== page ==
PORTLAND (AP) – Maine law enforcement officials on Wednesday called for more funding for pre-kindergarten programs as a report was released showing children enrolled in early education programs fared better in school.

A survey of kindergarten teachers across the country found that kids enrolled in pre-kindergarten programs were better prepared to succeed and that poorly prepared kids tended to hold back the rest of the class.

“Kids who benefit from quality pre-kindergarten enter kindergarten prepared to learn. The result is that substantially more children succeed in school, fewer become involved with crime,” said Attorney General Steven Rowe.

Rowe was joined at a news conference at PROP’s East End Children’s Workshop by Portland Police Chief Michael Chitwood, a kindergarten teacher and Mary Small from “Fight Crime: Invest in Children.” The survey of 800 teachers by Mason-Dixon Polling was conducted for “Fight Crime: Invest in Kids.”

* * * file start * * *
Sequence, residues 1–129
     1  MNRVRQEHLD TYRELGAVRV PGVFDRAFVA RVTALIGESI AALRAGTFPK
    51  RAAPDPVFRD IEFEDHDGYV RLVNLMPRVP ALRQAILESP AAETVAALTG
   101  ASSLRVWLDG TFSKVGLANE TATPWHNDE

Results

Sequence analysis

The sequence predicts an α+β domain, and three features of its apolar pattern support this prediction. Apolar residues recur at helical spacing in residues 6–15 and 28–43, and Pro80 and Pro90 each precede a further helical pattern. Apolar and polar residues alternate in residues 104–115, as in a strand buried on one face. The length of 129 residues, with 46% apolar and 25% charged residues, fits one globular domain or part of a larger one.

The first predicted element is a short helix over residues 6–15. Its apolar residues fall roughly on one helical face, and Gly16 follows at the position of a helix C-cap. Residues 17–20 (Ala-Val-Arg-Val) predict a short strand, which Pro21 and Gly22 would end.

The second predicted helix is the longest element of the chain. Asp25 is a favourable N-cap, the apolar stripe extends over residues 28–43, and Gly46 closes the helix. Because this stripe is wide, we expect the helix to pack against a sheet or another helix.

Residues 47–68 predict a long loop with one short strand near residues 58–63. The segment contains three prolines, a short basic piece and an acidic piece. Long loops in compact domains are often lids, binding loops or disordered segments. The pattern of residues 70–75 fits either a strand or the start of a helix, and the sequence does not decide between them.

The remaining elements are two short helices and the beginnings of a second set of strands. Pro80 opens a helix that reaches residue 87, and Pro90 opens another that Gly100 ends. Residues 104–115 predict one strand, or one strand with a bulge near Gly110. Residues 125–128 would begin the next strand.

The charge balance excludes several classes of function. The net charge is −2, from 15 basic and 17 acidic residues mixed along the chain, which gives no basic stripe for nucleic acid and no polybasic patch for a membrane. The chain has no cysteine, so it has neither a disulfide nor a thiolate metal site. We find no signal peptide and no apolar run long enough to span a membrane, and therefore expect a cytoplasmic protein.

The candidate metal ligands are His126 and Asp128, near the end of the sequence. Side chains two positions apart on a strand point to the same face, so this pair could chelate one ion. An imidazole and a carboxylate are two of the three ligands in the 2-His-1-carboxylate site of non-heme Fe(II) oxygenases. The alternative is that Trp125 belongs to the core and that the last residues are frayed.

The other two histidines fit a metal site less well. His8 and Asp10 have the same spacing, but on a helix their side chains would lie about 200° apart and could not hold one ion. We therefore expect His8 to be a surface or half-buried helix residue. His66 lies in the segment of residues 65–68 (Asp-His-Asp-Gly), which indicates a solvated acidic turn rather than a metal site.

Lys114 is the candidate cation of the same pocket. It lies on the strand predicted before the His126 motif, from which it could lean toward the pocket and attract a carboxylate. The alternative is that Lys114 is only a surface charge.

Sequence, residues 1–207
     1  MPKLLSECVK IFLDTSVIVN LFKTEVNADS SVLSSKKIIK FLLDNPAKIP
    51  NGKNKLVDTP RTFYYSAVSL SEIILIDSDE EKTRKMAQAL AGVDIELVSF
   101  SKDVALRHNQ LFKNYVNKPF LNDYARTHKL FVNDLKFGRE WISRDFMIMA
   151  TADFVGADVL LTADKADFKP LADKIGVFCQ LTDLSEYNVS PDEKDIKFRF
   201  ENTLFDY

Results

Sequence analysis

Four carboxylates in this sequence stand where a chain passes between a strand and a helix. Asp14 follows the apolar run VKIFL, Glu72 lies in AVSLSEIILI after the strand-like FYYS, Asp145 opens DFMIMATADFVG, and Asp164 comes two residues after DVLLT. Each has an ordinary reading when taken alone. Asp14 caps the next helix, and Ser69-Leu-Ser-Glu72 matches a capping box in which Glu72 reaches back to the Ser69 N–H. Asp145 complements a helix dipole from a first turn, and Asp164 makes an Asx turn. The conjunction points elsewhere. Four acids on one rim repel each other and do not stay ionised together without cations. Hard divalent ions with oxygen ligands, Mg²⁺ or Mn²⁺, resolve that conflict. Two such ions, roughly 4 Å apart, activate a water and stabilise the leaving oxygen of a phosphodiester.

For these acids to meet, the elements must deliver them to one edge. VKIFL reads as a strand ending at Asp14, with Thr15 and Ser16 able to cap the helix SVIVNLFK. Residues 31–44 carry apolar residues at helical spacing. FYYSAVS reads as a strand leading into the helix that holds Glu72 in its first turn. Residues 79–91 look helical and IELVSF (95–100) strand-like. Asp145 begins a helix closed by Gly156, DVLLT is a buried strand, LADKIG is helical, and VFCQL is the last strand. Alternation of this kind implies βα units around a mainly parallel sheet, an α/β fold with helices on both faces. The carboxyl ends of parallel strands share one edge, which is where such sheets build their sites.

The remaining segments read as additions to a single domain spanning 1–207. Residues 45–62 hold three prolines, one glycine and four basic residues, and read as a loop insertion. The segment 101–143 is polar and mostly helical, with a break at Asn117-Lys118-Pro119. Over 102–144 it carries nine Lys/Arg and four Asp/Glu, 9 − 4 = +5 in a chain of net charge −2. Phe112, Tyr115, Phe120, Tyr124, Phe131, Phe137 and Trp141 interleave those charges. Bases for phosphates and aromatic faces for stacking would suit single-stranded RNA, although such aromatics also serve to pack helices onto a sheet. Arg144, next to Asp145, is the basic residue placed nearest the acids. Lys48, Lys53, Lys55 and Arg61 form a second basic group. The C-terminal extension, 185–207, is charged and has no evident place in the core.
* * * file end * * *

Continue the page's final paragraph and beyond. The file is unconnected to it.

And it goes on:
Nearly half of the respondents said at least one of five children was inadequately prepared and 86 percent spend extra time dealing with behavioral issues and helping poorly prepared children catch up.

Two thirds of respondents felt that kids who attended pre-kindergarten were “substantially better prepared” and more than three-quarters reported fewer behavioral problems with kids who attended a pre-k program.

Although the study showed benefits from pre-k programs, the average tuition for pre-kindergarten programs in Maine is $4,899, far too much for most low- or moderate-income families, according to Fight Crime: Invest in Kids.

Head Start, the principal federal pre-school program for low-income children, serves only three out of five 3- and 4-year-olds under the poverty line across the state, the group contends.

Chitwood cited the example of Ypsilanti, Mich., where children who were not enrolled in a pre-school program were five times more likely to become chronic lawbreakers by the time they reached adulthood.

The program was shown to save $7 for every $1 invested because of reductions in crime and other costs, Chitwood said.

“To keep Maine safe, we need to be as willing to guarantee our kids a space in pre-kindergarten as we are to guarantee a jail cell to a criminal,” he said.


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